Fate is forced upon us- we do not ask for any the tragic persecution and hate that we have encountered and continue to see today. The identity of Fate is described by Rav Soloveitchik as “the covenant of Egypt”. The Jewish people were persecuted by the Egyptians, and God saved them. God said that “I will take you to Me for a people, and I will be to you a God” (Exodus 6:7). The wording of this verse highlights the fact that the slavery and exodus were forced upon us.

Rav Soloveitchik outlines a number of positive results of Fate. One of these effects is unity.   We are like a flock of animals that join together to protect ourselves from predators. Rav Soloveitchik writes, that “a strange necessity bonds individuals to one congregation.”(Translations are my own). Sadly we genuinely come together as a people only in times of harsh persecution and suffering.

Destiny is the other side of the coin.  We are not just a persecuted flock, we are also “a light unto the nations” (Or LaGoyim), that engages in “fixing the world” (tikkun olam). This is done of our own accord, out of our own free will. We unite around common goals and ideals because we want to, not because we have to. We are creative, innovative and charitable, both as a people and as a state.

Israel is proud of its world renowned artists and Nobel prize winners. Little Israel is quick to send disproportionate amounts of relief aid to areas that have been struck by natural disaster. Israeli technology is used in computers and cell phones all over the world, and our agricultural innovations are being used in fields from Indiana to India.

The historical precedent for Destiny was “the covenant of Sinai” according to Rav Soloveitchik. There we were mandated with being “a kingdom of priests and a holy nation” (Exodus 19:6). And it was done with our consent- “We shall do and we shall listen” (Exodus 24:7).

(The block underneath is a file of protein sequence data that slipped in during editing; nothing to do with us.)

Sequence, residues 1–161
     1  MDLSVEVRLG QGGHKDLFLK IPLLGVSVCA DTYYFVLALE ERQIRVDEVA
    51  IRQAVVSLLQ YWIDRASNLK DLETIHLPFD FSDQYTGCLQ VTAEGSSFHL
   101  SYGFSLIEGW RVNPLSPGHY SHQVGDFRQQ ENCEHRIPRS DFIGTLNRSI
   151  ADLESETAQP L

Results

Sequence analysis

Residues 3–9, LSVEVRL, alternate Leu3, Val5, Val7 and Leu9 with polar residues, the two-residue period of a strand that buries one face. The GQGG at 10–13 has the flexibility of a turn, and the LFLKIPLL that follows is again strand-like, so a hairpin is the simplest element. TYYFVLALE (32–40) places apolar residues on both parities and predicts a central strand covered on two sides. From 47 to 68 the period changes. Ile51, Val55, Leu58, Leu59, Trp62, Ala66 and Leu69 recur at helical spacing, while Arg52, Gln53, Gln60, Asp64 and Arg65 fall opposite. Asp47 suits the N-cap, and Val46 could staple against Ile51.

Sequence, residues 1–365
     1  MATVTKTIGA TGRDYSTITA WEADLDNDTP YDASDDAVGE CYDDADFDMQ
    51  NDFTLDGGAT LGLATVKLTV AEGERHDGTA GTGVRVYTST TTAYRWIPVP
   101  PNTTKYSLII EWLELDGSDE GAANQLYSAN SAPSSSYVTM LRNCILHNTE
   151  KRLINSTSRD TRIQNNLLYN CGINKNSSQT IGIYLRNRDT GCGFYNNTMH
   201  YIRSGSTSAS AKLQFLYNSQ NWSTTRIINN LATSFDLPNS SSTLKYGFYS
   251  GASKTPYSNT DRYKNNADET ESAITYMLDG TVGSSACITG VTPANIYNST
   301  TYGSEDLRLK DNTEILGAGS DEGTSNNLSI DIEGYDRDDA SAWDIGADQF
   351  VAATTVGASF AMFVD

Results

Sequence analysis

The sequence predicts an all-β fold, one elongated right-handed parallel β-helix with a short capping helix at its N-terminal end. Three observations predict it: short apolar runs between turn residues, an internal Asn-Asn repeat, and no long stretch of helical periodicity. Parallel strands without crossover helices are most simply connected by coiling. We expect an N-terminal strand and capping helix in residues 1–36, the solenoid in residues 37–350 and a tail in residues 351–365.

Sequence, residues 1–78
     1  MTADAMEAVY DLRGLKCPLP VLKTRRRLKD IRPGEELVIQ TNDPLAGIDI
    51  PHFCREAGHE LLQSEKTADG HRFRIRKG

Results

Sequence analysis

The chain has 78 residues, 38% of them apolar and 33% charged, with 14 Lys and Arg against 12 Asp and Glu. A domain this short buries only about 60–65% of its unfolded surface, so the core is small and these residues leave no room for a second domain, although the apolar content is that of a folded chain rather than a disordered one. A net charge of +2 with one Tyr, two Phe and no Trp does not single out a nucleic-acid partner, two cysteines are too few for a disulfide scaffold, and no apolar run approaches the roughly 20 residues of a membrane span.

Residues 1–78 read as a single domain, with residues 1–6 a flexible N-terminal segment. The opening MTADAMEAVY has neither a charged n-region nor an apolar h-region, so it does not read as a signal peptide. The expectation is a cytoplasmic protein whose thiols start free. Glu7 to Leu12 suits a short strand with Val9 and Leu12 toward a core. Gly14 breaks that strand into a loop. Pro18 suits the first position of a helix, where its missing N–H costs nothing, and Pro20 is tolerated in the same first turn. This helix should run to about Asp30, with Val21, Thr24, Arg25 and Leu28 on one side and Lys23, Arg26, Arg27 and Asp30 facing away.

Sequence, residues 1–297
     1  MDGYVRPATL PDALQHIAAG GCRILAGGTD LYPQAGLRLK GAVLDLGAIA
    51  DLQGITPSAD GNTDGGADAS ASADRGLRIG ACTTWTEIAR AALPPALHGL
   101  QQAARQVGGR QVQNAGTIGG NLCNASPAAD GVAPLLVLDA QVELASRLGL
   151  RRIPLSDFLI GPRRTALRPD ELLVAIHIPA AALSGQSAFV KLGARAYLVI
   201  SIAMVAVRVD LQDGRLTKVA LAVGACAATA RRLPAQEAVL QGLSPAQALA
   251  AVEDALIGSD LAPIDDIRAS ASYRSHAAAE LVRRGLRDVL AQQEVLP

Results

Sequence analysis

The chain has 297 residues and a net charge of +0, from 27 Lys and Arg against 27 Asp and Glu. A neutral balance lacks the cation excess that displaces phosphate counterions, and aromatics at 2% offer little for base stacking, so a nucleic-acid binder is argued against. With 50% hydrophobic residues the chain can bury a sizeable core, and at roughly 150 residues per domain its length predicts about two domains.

Fate and Destiny are on display every day, here in Israel and around the world. For example, the IDF is on high alert at the Syrian border, even allegedly striking an arms cache. But at the same time a four year old Syrian girl received life saving heart surgery at Wolfson Medical Center.

Now we can answer the conference conundrum. We are attacked by our enemies, and we attack the world’s problems. We are hated by many, and appreciated by many more. Both of the conferences are necessary, because they both reflect part of who we are as a nation. We will always encounter Fate, so we have to be prepared to proactively combat Anti-Semitism in its different forms. But we are also a people of Destiny, that is expected to lead the world in making a better tomorrow.

It is interesting to note that these identities can never be truly isolated from each other. Stephen Hawkins’s decision to boycott the President’s conference led to a flurry of articles that discussed the Anti-Semitic BDS movement (Fate) within the context of Israel’s innovative technologies that he utilizes, and of course the President’s conference itself (Destiny).

When we see that this duality traces back to the very founding of our nation, to the exodus and to Sinai, we realize that things have been this way all along. If these two conferences form a paradox, then it must be a three thousand year old paradox called “the Jewish People”, and it’s still going strong.

About the Author
Yaakov Wolff is a soldier in the IDF. He made Aliyah from Boston to Beit Shemesh in 2007. Before joining the army he studied in Yeshivat Kerem B'Yavneh. He holds a degree in Middle East Studies from Bar-Ilan University.